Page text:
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A Blueprint to Develop a Companion Diagnostic Assay Jeff Allen, PhD Executive Director, Friends of Cancer Research.

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Presentation on theme: "A Blueprint to Develop a Companion Diagnostic Assay Jeff Allen, PhD Executive Director, Friends of Cancer Research."— Presentation transcript:

1 A Blueprint to Develop a Companion Diagnostic Assay Jeff Allen, PhD Executive Director, Friends of Cancer Research

2 Draft Guidance for Industry and FDA Staff: In Vitro Companion Diagnostic Devices July 2011 Goals: – Define IVD companion diagnostic devices – Clarify the need for FDA oversight and approval for safe and effective use – Provide direction for both industry and FDA staff on possible developmental pathways and the approval requirements for labeling of therapies that require IVD companion diagnostic devices Guiding Principle: “Ideally a therapeutic and its corresponding IVD companion diagnostic device would be developed contemporaneously with the clinical performance and clinical significance of the IVD companion diagnostic device established using data from the clinical development program of the corresponding therapeutic product”

3 A Blueprint to Develop a Companion Diagnostic Assay Goals: Address key issues not raised in the 2011 Guidance Document and propose approaches for drug-Dx co-development that introduce flexibility and options in today’s drug development – Development strategy for Dx-selected populations – Defining selected population given Phase III data – Multi-marker diagnostic development Guiding Principle: Although the different types of diagnostics used to identify the patient population will face different issues and requirements for analytical validation, with some biomarkers and assays being more challenging for co-development than others, the core principles regarding clinical validation and clinical utility will be similar.

4 A Blueprint to Develop a Companion Diagnostic Assay Workgroup 1- A Blueprint for Future Drug/Diagnostic Co-development Rich Buller, Vice President of Translational Oncology, Pfizer, Inc. Liz Mansfield, Director of Personalized Medicine, U.S. Food and Drug Administration (FDA) Rick Pazdur, Director of the Office of Hematology and Oncology Products, U.S. Food and Drug Administration (FDA) Nancy Roach, Chair, Fight Colorectal Cancer Howard Scher, Chief, Genitourinary Oncology Service, Memorial Sloan-Kettering Cancer Center Rich Simon, Chief, Biometric Research Branch, National Cancer Institute (NCI) Jane Fridlyand, Senior Statistical Scientist, Genentech (SSF) Workgroup 2- Creating an Environment for Personalized Medicine Keith Flaherty, Director of Developmental Therapeutics, Cancer Center, Massachusetts General Hospital Pat Mahaffy, President and CEO, Clovis Oncology, Inc. Vince Miller, Senior Vice President, Clinical Development, Foundation Medicine Jeff Roche, Medical Officer, Center for Medicare and Medicaid Services (CMS) Jeff Shuren, Director Center for Devices and Radiation Health, U.S. Food and Drug Administration (FDA) Deb Rasmussen, Global Head of Regulatory Affairs, Janssen Diagnostics Janet Woodcock, Director Center for Drug Evaluation and Research, U.S. Food and Drug Administration (FDA)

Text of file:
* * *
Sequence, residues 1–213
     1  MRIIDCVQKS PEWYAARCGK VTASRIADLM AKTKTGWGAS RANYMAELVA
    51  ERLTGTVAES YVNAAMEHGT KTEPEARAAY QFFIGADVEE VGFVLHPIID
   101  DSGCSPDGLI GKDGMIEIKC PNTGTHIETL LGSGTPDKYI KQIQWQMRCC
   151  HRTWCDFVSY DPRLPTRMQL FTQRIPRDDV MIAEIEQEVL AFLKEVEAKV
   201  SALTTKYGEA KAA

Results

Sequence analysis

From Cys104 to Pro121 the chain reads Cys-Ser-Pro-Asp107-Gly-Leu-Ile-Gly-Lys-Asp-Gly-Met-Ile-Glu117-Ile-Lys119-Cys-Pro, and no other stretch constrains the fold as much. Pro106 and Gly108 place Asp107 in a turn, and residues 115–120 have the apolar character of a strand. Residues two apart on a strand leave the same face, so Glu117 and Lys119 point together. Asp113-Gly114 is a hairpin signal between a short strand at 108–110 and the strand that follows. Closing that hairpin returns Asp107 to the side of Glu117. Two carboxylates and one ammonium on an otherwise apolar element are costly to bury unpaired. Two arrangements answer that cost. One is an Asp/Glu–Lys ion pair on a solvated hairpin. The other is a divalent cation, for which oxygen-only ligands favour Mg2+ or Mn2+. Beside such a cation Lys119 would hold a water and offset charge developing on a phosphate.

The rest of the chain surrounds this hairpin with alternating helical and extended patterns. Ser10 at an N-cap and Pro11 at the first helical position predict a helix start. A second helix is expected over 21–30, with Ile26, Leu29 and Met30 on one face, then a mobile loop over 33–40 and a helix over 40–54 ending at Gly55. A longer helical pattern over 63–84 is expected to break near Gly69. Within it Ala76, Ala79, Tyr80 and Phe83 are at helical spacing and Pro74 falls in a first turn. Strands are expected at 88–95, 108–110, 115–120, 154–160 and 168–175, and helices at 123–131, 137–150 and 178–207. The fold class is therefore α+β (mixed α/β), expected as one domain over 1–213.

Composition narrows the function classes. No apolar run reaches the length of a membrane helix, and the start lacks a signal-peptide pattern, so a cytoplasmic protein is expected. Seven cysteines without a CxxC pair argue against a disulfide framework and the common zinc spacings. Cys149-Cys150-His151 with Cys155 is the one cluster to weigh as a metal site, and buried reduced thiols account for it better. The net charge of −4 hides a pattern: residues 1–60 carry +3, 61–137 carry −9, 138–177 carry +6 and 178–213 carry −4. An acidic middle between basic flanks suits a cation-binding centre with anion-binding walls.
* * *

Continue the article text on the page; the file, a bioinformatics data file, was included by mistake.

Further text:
5 Development Strategy for Dx-Selected Populations In general, development decisions are guided by the aim to maximize exposure of patients who are likely to benefit from a drug and minimize exposure of patients who are not, or who are at increased risk for serious adverse events. Proposed decision-making strategy for determining whether and how evaluation of diagnostically negative patients could be undertaken Analytical performance of the diagnostic assay must have been characterized before it is used in any clinical registration trial If not, evaluation of marker-positive patients only is not possible, and an all-comers trial design must be used

6 Factors that influence evaluation of marker-negative patients Key Factors and their categories Provides support for restricting efficacy evaluation to Dx-selected patients only Evidence supporting clear definition of diagnostically selected population Compelling evidence supporting threshold for definition of Dx-positive population (e.g., mutation; complete loss of expression; high-level amplification). Yes Threshold for Dx-positive population uncertain (e.g., continuous or ordinal biomarker). No Mechanism of action (MOA)Dx marker is an immediate drug target or a measure of activation of a pathway of the drug target. Yes Dx marker is less clearly related to drug target. No Pre-clinical efficacy (in-vitro/in-vivo) Dx has high sensitivity and specificity for drug activity. Yes Dx has high sensitivity and lower specificity for drug activity. No Class effect (i.e., knowledge of behavior of existing drugs with similar MOA/multiple MOAs (or targets)/chemical structure or known pharmacological effects) Established class effect in Dx selected populations. Yes First in Class (FIC).No